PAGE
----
The big numbers were captured in the production and reserve boosts. Production increased 19.1% YOY and a whopping 9.4% just from last quarter. The company is claiming to be the largest independent US gas producer and number 3 overall, behind just ConocoPhillips (COp) and BP (BP). The company has already reached their full-year 2007 reserves guidance of 10 tcfe. The company raised production guidance by 400 basis points going forward for both 2007 and 2008 and is estimating 10% organic growth in 2009 (from a much larger base). Earnings per share up substantially to $1.01 from $0.82 YOY. Adjusted for one-time gains, EPS came in at $0.71 which is 18% lower YOY, mainly due to lower natural gas prices and higher operating costs YOY. Compared to 1st quarter numbers, operating costs are flat to slightly down, which is good news. Operating cash flow [OCF] increased 18% YOY. Per share, OCF was basically flat.
Chesapeake is usually straightforward and transparent on business strategies but this conference call was especially illuminating. As I noted in the original investment report, the biggest risks to our investment are Chesapeake's capital structure and their dilutive tendencies. Company gave good visibility on both concerns as well as their hedging policy and future outlook for the industry.
Management is actively managing their budget gap. Their current ratio is poor and if you take into account their off-balance sheet obligations (about $400-500M this year, 20-25% additional to current liabilities), they've got a little funding problem. Management laid out three strategies for dealing with the funding shortfall: selling producing properties into the MLP market (they hope to cull $600M from a sale later this year), arranging 2nd sale leaseback transactions with their drilling rigs and compressor assets and selling volatility, i.e. their hedging program. They noted that selling 2009 $10 calls are returning $1 cash today. They anticipate reaching OCF:CapEx equilibrium in 2009.
CEO Aubrey McClendon and company are also acutely aware of the perception that CHK overly dilutes their equity. While they reserved the right to issue equity if it made sense, the management made clear that dilution is not the 1st or even 4th option in their playbook.
Some other interesting comments included Chesapeake's hedging program as it relates to the industry overall. McClendon sees natural gas trading in a range of $6-9 over the next few years and they welcome that prospect. Their stance is that higher prices lowers demand from utilities. He also suggested that even though natural gas supplies will be sufficient going forward, it's only a handful of companies in unconventional plays (like the Barnett Shale) that are driving production growth. Combining that fact with 35% depletion rates, they conclude almost no possibility of natural gas prices seeing a sustained (at least 6 months) drop below $6. In this environment, Chesapeake's play on natural gas volatility is beneficial for the company and historically, they claim a win-loss ratio on their hedges of 6:1.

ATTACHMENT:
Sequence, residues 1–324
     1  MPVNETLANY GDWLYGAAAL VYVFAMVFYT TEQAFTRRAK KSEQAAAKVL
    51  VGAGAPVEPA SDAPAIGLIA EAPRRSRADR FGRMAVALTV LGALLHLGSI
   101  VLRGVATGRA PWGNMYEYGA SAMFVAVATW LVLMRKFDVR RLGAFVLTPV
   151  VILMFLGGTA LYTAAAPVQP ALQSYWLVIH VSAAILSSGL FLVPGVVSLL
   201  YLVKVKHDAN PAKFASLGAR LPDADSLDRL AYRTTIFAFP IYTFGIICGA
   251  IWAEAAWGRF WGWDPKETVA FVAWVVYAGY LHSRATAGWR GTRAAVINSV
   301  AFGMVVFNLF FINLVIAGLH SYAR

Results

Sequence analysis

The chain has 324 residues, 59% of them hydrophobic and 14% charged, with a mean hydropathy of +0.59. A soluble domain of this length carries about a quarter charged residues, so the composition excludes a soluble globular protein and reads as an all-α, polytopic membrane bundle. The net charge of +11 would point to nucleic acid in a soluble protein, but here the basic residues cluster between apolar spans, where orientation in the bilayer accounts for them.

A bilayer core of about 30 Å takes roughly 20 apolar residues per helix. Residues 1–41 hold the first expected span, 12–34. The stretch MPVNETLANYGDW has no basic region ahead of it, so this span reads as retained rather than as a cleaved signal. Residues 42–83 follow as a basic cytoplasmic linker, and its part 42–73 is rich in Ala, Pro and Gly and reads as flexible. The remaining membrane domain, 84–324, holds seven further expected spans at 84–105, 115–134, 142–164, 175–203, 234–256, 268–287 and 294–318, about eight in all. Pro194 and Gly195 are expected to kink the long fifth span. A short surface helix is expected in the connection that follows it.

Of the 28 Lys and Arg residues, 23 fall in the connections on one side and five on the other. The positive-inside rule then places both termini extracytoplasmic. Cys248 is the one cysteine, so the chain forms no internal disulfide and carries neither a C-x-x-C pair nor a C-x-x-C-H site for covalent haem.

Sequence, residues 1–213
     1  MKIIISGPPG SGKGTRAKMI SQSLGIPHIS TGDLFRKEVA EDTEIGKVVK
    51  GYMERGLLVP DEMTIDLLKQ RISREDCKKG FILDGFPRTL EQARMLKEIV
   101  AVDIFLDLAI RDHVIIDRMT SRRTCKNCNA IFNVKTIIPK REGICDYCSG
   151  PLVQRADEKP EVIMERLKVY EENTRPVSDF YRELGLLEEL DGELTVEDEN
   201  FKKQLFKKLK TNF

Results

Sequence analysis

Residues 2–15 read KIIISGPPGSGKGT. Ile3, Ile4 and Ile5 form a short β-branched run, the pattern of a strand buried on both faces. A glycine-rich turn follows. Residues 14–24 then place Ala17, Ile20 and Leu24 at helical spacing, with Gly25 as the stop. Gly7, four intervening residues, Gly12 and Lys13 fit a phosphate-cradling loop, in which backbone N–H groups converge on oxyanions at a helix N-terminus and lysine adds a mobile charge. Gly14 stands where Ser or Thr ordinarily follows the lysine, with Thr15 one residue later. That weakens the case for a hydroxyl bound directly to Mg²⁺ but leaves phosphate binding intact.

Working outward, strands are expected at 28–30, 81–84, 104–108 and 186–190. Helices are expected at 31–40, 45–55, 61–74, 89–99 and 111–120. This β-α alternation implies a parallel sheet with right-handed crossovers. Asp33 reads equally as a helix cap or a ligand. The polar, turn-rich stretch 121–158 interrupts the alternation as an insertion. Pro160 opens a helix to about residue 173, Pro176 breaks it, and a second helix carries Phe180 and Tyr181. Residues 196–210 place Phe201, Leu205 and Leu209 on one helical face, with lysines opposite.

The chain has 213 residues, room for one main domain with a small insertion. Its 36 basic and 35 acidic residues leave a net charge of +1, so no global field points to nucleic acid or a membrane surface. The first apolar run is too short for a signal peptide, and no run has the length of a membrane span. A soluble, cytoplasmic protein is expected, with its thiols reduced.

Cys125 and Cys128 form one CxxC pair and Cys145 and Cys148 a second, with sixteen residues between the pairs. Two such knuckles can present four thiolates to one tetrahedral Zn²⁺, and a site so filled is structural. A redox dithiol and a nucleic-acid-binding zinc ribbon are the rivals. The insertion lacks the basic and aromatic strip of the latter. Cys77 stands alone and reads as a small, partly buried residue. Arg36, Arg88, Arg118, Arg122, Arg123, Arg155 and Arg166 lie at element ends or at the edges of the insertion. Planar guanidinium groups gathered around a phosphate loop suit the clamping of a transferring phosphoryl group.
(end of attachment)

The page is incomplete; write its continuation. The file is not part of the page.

They also revealed no desire to form a MLP due to governance and tax headaches (though they did rate that option as more attractive than issuing equity for raising funds). The company dismissed any thoughts of spinning off their most attractive growth plays or splitting up the company, citing economies of scale (they have in-house drilling, compression, seismic, etc).
My take on all this is fairly positive. Personally, I interpret McClendon's statements on natural gas supplies as an attempt to play down fears of peak gas. If peak natural gas is a possibility, it would make no sense to build natural gas plants to replace coal-fired ones. I see natural gas prices higher than their range so the hedging is actually a little negative. But even taking his comments at face value, our investment appears safe. The budget gap is a little worrisome but they have ample assets to make up any shortfall and if times got really hard, there's a lot of room to cut expenses. So I have confidence that they will handle their balance sheet and cash flow.
On the operational side, Chesapeake is a drilling machine. Since they handle much of the field services in-house (drilling, seismic, etc.), they should be able to control costs better than some of their competitors. Also, they admitted that their reservoir engineer tends to sandbag estimates so it's important to keep that in mind when discussing their production and reserves. Both should grow for the foreseeable future.
Future performance measurements:
No dilution. Keep an eye on their balance sheet, cash flow and hedging program. Hit guidance: reserves at 12-12.5 tcfe by YE 2008 & 13-14 tcfe by 2009 Production of 2.5 bcfe/day by YE 2009 as well as OCF:CapEx equilibrium Maintain 2:1 ratio on risked/unproved to proved reserves. Large decline may signal end of growth. Keep operating costs in-line ($2/mcfe all-in and overall $2.14 for rest of year)
Disclosure: Author has a long position in CHK
CHK 1-yr chart